NEW YORK (AP) — The 4-year-old son of a fallen U.S. soldier saluted his father’s flag-draped casket Wednesday as it was carried from St. Patrick’s Cathedral following a funeral Mass attended by hundreds of uniformed police officers.
Joseph Lemm, a Nebraska country boy turned New York City police detective, had Superman’s good looks and superhero bravery, mourners were told at the service, which was held a little more than a week after he was killed in Afghanistan.
The Superman nickname “suggested people wanted to be like him,” New York City Mayor Bill de Blasio said in his eulogy.
Thousands of civilians, military personnel and police officers from departments across the state lined the streets outside the landmark Manhattan cathedral.
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Lemm’s 4-year-old son, Ryan, sat on the shoulders of an NYPD officer and wore his hat as the hearse arrived. Later, after the service ended, he stood on the cathedral steps and saluted as his father’s casket was carried away.
Mourners sang “America the Beautiful” as they exited. NYPD pipes and drums led the hearse away.
Lemm was married with two children. His wife, Christine, stood stoically during the service as his 17-year-old daughter, Brooke, read from Corinthians.
The 45-year-old Lemm, a 15-year NYPD veteran who lived in Westchester County, was one of six soldiers killed in Afghanistan Dec. 21 when their patrol was attacked by a suicide bomber outside Bagram Air Base. He was a technical sergeant in the Air Guard’s 105th Base Security Squadron who served two tours in Afghanistan and one in Iraq.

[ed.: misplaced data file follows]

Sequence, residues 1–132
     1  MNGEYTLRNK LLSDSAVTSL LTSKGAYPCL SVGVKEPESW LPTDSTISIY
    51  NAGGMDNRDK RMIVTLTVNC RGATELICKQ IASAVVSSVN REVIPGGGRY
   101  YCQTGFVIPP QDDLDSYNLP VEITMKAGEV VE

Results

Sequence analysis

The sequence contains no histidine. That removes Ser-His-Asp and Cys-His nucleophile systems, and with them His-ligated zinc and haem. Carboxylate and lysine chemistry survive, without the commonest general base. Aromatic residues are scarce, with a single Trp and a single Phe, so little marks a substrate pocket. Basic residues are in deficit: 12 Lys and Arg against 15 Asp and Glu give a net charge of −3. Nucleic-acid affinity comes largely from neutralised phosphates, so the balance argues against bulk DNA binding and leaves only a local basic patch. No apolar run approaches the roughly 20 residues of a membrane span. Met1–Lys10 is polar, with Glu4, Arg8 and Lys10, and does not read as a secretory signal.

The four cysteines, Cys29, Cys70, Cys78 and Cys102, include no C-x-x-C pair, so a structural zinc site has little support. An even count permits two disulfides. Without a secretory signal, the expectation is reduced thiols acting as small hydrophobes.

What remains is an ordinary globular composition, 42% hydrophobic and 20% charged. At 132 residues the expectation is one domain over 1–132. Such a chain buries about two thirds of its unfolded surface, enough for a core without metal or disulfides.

A tearful police Commissioner William Bratton posthumously promoted Lemm to detective first-grade.
“Three times, this war took him thousands of miles away from his family, and the city and country he so dearly loved,” he said in a eulogy. “And now it has taken him farther than miles. It has taken him to a new post in eternity.”
In a homily, Lemm’s local priest, the Rev. Christopher Monturo, remembered his parishioner as a jokester and loving person who enjoyed fishing, playing basketball and his Nebraska Cornhuskers.
“Joe never missed a police funeral no matter where it was,” he said. “It’s fitting there are so many here today.”